“The prime defense against calamity is love and unity,” writes Rabbi Kalman Halevi Epstein in the book Maor VaShemesh. “When there are love, unity, and friendship between each other in Israel, no calamity can come over them. …Even if they worship idols, but there is bonding among them, and no separation of hearts, they have peace and quiet, and no Satan or evildoer, as by this [unity], all the curses and suffering are removed.”
The Book of Zohar, the seminal book in the wisdom of Kabbalah, was written in that spirit, the spirit of love and unity. In the portion Ki Tissa, the book writes, “All those friends who do not love each other depart the world before their time. All the friends in Rashbi’s time had love of soul and love of spirit among them. …Rabbi Shimon would say, ‘All the friends who do not love each other cause themselves to stray from the right path.’ …Abraham loved Isaac; Isaac loved Abraham; and they were embraced. And they were both gripped in Jacob with love and brotherhood… The friends should be like them and not blemish them, for if love is lacking in them they will blemish their value above.”
Last night, a tragedy of historic proportions struck the people of Israel, as dozens of people were crushed to death on the tomb site of Rabbi Shimon Bar Yochai (Rashbi), author of The Book of Zohar. They came there because last night, some nineteen centuries ago, Rashbi and his disciples completed the writing of this book of love and unity. But there, instead of love and unity, thousands were crushed in the stampede, and dozens lost their lives.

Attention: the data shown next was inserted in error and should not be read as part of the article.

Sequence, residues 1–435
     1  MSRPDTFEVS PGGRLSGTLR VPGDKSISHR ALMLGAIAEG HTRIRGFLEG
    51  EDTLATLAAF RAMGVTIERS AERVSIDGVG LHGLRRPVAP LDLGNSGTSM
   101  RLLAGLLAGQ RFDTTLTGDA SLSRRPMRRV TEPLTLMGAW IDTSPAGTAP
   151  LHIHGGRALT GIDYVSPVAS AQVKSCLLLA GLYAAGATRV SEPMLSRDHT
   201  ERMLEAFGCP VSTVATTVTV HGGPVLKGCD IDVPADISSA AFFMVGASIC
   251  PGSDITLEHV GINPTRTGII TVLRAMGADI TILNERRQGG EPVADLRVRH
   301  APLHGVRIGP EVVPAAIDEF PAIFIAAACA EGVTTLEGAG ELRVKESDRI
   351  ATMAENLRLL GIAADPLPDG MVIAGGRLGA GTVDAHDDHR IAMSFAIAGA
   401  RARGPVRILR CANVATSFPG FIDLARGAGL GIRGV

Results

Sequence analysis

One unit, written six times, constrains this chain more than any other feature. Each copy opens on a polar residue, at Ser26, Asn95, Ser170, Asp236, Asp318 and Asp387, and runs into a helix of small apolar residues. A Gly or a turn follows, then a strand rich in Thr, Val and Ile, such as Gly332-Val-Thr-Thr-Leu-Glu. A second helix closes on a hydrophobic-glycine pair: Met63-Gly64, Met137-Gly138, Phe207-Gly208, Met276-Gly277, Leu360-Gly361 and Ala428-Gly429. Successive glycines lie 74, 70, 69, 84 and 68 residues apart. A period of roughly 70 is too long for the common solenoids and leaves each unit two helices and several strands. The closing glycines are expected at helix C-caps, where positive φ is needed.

The pain and shock are indescribable. It is a time of deep sadness for the whole nation. But when we rise from the grieving, we must take the one and only action that can prevent such tragedies from reoccurring. We must do what our sages throughout the ages have advised us: unite above all our different colors, cultures, beliefs, and opinions.
Masechet Derech Eretz Zuta (Chapter 9), written at approximately the same time as the Talmud, is one of numerous statements in that spirit: “Even when Israel worship idols and there is peace among them, the Lord says, ‘I have no wish to harm them.’ …But if they are disputed, what is it that is said about them? ‘Their heart is divided; now they will bear their guilt.’” Similarly, Rabbi Shmuel Bornstein writes in the book Shem MiShmuel (VaYakhel): “When they [Israel] are as one man with one heart, they are as a fortified wall against the forces of evil.” But perhaps the most fitting on this mournful day are the words of the Talmud (Taanit 23a): “This is what people say: ‘either friendship or death.’”
[Rescue workers take a dead body into an ambulance on Mount Meron, northern Israel, where fatalities were reported among the thousands of ultra-Orthodox Jews gathered at the tomb of a 2nd-century sage for annual commemorations that include all-night prayer and dance, April 30, 2021. REUTERS/ Ronen Zvulun]